A second influence is a book just released by Rebecca Goldstein titled Plato at the Googleplex: Why Philosophy Won’t Go Away. I have just ordered the audio of this book on the basis of a review’s last comment, quoting the book’s quote from Plato: “We should never rest assured that our view, no matter how well argued and reasoned, amounts to the final word on any matter.” Obvious? Of course, but a point I have gotten away from in thinking I could master the meaning of life from my mere state of humanity!
A third influence has to do with sexuality, Eros, love, and spirituality. Pathwork delves into the importance of integrating these four aspects of life on earth. Sage, one of our couple’s counselors, is also Pathwork leader. Sage leads a group of advanced Pathwork leaders in a multi-year course on evil and sex. She has gotten me deeply into the Pathwork lectures on this topic, and I bring this into Pat’s and my relationship as we evolve our intimacy and unity. Pat and I are overwhelmed by the bottomless depth possible in this exciting exploration. We feel like we are in kindergarten being taught by college professors. This, too, has been humbling when it comes to meaning of life issues!
Finally, Sage, seeing how I work so diligently with the Pathwork lectures, dubbed me Happy Monk Gary – “he who thrills at pouring over the ancient texts to extract their meaning.” Yes, this title fits me!
So when I stand back from this all, I see that perhaps I am a philosopher at heart, but one who is an amateur and not really smart enough to take in all that would be required to make philosophy my career. I do not see myself teaching or writing books or articles on philosophy, but what is helpful is to see that following the path of any one of my three “heroes” and having a focused career in science, engineering, or business just would not have been me. And staying in a Norman Rockwell marriage that was not working for me would not have been meaningful either. And finally becoming a Lutheran pastor, which, frighteningly, I honestly seriously considered in my mid-forties, would have been a disaster. So thankfully I have broken away from focuses that would not work for me.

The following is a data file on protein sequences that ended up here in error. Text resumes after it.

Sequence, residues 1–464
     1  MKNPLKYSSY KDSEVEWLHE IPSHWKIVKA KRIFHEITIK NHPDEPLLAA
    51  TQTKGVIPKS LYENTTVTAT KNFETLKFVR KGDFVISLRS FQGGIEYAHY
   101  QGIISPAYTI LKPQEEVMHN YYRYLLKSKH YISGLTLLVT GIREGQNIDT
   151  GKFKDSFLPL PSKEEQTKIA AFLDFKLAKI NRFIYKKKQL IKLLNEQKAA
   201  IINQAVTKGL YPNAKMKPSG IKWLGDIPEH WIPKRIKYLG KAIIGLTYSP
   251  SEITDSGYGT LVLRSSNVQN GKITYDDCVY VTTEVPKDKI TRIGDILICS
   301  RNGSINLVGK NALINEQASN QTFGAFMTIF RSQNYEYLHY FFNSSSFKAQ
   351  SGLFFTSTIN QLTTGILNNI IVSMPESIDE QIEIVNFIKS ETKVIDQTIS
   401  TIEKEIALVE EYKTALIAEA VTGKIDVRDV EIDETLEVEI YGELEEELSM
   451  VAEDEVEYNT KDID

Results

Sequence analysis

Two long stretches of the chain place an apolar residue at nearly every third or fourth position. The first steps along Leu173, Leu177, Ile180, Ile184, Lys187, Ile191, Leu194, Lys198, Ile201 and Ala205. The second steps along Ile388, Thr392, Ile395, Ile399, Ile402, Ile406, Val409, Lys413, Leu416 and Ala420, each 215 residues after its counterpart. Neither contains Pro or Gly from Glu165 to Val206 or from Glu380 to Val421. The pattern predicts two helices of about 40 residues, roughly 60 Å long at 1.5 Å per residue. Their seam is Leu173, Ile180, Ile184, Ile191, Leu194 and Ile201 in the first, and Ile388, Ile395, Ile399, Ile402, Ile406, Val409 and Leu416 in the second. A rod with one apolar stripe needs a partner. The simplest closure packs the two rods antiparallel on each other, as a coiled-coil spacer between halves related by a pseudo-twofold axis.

So my question in all of this becomes not what keeps me from pursuing my bliss but rather what stops me from truly enjoying and appreciating the bliss that I have, unconventional though it is? I say I thrill at the Mystery of Life on the one hand, and then on the other hand miss the oxymoronic notion that I, as a merely and utterly limited human being, must know and fully understand the Divine Mystery rather than simply come to experience it in whatever capacity I can. I’m now letting go of this need to Know and jumping into the abyss of life as it is. Here’s to a wild, scary, thrilling ride in whatever time I have left in this smorgasbord life of mine!
Shared in love, Gary, the Happy (and not celibate) Monk